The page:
Epidemiological features of Moyamoya disease in Japan: findings from a nationwide survey

  title={Epidemiological features of Moyamoya disease in Japan: findings from a nationwide survey},
  author={Kenji Wakai and Akiko Tamakoshi and Kiyonobu Ikezaki and Masashi Fukui and Takashi Kawamura and Rie Aoki and Masayo Kojima and Yingsong Lin and Yoshiyuki Ohno},
  journal={Clinical Neurology and Neurosurgery},
Prevalence and Clinicoepidemiological Features of Moyamoya Disease in Japan: Findings From a Nationwide Epidemiological Survey
The estimated prevalence of moyamoya disease in Japan has almost doubled during the recent decade and the clinicoepidemiological features of the patients in the present study were almost similar to those obtained in previous ones.
Epidemiological and Clinical Features of Moyamoya Disease in the USA
The number of patients identified and admitted with Moyamoya disease has risen dramatically in the last decade and this study can lead to a better understanding of the disease pattern and healthcare consequences in the USA and suggests that pathophysiologic differences in Moyamoy disease may exist.
Epidemiology of Moyamoya Disease in Taiwan: A Nationwide Population-Based Study
The incidence of moyamoya disease has increased in adults but not in children from 2000 to 2011 in Taiwan, and sex ratio and comorbid conditions differed by age and study period.
Novel epidemiological features of moyamoya disease
The epidemiological features of moyamoya disease determined by this survey varied considerably from previous data: the detection rate and prevalence of the disease were higher than those reported previously, and the highest peak of onset age was older than those report previously.
Incidence, Prevalence, and Survival of Moyamoya Disease in Korea: A Nationwide, Population-Based Study
The prevalence and incidence presented in this study are higher than those in previous studies, and this study demonstrates that the burden of moyamoya disease in Korea is substantial.
Prevalence and Epidemiological Features of Moyamoya Disease in Korea
The number of Moyamoya patients in Korea is increasing, which could partly be explained by a recent increase in newly diagnosed cases, suggesting that a more careful consideration of the disease and better diagnostic techniques should be promoted among clinicians.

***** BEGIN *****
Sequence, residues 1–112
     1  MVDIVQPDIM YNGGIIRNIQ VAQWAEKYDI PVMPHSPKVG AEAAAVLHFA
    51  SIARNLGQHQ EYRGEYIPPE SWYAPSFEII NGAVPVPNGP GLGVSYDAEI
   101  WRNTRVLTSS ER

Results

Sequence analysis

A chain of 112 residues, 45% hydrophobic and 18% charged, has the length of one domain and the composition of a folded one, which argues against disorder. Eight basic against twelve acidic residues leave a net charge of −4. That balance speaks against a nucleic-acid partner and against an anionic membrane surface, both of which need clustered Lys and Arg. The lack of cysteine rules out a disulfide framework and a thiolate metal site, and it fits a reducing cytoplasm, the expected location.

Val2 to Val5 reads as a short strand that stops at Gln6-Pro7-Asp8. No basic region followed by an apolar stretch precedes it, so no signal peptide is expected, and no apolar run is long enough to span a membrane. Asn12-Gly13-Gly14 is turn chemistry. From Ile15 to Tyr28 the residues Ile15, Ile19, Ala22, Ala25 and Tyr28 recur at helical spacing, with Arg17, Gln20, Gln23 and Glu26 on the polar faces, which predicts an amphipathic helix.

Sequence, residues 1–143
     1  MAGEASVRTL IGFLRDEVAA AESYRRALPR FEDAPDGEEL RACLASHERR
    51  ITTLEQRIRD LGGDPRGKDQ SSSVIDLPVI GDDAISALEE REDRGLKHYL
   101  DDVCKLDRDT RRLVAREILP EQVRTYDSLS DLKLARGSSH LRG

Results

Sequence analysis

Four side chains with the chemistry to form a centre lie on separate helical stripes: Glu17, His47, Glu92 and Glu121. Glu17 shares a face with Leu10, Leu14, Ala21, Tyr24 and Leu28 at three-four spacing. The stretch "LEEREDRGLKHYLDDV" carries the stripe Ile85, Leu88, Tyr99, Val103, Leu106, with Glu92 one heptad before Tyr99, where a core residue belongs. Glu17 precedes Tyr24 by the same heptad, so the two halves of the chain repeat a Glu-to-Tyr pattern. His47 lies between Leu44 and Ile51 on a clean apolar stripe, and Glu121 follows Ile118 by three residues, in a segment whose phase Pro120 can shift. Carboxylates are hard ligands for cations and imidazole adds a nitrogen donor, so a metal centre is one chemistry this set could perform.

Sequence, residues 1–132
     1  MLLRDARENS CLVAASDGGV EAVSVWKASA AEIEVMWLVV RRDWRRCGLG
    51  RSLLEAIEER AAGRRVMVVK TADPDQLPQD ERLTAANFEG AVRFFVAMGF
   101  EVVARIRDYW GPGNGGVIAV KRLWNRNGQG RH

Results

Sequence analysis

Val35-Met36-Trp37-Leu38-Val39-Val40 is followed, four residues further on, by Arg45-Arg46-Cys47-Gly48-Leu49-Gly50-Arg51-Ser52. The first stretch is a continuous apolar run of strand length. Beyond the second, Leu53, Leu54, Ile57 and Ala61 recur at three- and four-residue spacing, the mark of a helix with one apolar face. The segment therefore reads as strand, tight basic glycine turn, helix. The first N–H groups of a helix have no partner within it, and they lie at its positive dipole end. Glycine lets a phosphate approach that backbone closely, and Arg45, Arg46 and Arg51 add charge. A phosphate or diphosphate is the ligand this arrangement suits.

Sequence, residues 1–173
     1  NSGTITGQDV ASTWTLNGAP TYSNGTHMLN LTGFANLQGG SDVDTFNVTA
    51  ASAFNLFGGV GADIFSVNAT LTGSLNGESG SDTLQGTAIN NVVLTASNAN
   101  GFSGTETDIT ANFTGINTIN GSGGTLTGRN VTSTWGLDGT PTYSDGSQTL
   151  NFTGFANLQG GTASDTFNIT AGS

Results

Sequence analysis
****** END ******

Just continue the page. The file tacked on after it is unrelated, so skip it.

Regional differences in incidence and patient characteristics of moyamoya disease: a systematic review
MMD incidence was higher in Japan and China than in Taiwan and North America and presenting symptoms showed regional differences, which are thus far unexplained.


Estimated Prevalence of Sjogren's Syndrome in Japan : Findings from a Nationwide Epidemiological Survey
The peak of age distribution of SS patients reported was in their fifties, and the highest prevalence rate was observed among females with their sixth decade ; being 62.2 per 100, 000 population.
A Nationwide Survey of Congenital Hydrocephalus in Japan — Estimated Prevalence and Incidence
A nationwide survey of congenital Hydrocephalus, including secondary hydrocephalus occurring within one year after birth, was carried out in 1988 using two questionnaires and was concerned with the clinico-epidemiological features of the disease in those patients.
Response Bias in the Nationwide Epidemiological Survey of an Intractable Disease in Japan
The ratio of the mean number of patients among “responded” hospitals to that among all hospitals was found to be between 1.0 and 1.1 ; suggesting that this assumption was sufficiently valid.
Epidemiology of diseases of unknown etiology, specified as "intractable diseases".
The chronological history of development of the Research Committee and some scientific accomplishments by the recent Research Committee (1993-1995) were summarized, mainly focusing on descriptive, analytical and other epidemiological studies.
[A method of interval estimation for number of patients in the nationwide epidemiological survey on intractable diseases].
A method for estimating the intervals for the number of patients with intractable diseases from nationwide epidemiological surveys was developed under the assumption that response is independent of